The forests are covered with pine trees, providing the fresh pine nuts (pignoli) for Ligurian dishes. Mushrooms and chestnuts abound in the hills, as do rabbits and other wild game, making the region ideal for producing hearty and rustic country dishes. The warm Mediterranean air helps create good conditions for growing olives, wine grapes, corn, herbs (particularly basil), garlic, chickpeas, zucchini, potatoes, onions and artichokes. Because of its wide coastline, fish and shellfish are the predominant proteins used in Ligurian cooking, though the region shares its love of pork and pork products with both its Italian and French neighbors.
Pasta is important to the region’s cuisine. A small lasagna noodle originated here, made from chestnut flour, is still popular today. The innovative Ligurians were skilled in making do with locally grown ingredients, like chestnuts and chickpeas, to produce flours to use in pasta, polenta and bread. Today, wheat is fairly easy to import to the region, so it is now the primary ingredient in pastas and breads.
Pesto sauce is popular as a topping for pastas and is widely consumed, since basil and pine nuts are so readily available. Fidelini, a local favorite pasta, cut long and thin, is the perfect base for light sauces. Other favorites include, trenette a form of flat, thin pasta similar to linguine and hearty gnocchi, both of which can be found on almost every menu.
High on the list of Ligurian specialties is the bread known as focaccia. This flatbread is not meant to be stored for any length of time, but rather is best eaten straight from the oven. Though usually baked plain, the region’s abundance of herbs are often combined and sprinkled on top. Cheeses, meats and fresh vegetables are other regional additions to focaccia. Ligurian focaccias have a dense texture, perfect for sopping up rich sauces or simply a great tasting olive oil.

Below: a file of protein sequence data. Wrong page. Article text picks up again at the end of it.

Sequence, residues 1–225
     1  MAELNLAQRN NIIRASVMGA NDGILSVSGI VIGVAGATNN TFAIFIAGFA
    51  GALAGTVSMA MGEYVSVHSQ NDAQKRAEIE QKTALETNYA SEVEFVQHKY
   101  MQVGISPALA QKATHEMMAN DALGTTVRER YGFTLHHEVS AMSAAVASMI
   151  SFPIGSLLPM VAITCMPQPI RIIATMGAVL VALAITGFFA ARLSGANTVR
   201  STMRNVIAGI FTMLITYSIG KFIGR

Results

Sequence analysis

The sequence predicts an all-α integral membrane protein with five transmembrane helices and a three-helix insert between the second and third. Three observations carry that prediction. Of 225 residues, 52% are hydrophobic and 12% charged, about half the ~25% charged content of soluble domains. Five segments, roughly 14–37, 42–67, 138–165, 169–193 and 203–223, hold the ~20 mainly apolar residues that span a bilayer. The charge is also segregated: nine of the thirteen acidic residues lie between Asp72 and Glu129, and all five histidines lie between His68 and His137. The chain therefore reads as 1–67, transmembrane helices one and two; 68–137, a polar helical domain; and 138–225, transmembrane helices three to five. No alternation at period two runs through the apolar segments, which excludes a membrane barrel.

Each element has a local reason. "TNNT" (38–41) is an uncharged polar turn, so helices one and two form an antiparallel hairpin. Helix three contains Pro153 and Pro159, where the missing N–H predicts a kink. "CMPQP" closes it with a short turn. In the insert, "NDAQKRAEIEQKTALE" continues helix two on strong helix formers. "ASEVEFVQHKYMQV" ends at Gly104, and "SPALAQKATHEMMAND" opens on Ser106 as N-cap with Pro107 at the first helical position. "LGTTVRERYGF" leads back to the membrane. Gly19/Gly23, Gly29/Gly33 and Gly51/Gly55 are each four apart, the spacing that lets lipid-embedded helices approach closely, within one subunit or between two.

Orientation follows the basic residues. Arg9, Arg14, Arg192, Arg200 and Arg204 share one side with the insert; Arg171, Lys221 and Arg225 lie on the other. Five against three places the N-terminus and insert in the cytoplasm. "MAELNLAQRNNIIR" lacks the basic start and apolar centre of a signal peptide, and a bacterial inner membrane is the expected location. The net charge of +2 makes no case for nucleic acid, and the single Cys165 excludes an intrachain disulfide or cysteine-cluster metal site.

Regional Favorites To Make At Home
- 1/2 cup extra-virgin olive oil, plus more for greasing and brushing
- 1 cup warm water
- One ¼-ounce packet active dry yeast
- 3 cups flour, plus more for dusting
- 1 teaspoon salt
- 2 tablespoons rosemary or thyme leaves
Oil a large bowl and set it aside. Pour the water into a medium-sized bowl, dissolve the yeast in the water and let stand until foamy, about 5 minutes. Stir in the oil.
Mix together the flour and 1 teaspoon salt in a large bowl and make a well in the center. Pour the yeast mixture into the well, then stir the yeast mixture into the flour with a wooden spoon until a slightly sticky dough forms.
Turn the dough out onto a floured work surface. Coat your hands with flour, then knead the dough until it is smooth and elastic, 2-3 minutes. Shape the dough into a ball, put it into the oiled bowl and roll it in the bowl to coat it lightly with oil on all sides. Cover the bowl with a kitchen towel and set it in a warm spot until the dough roughly doubles in size, about 2 hours.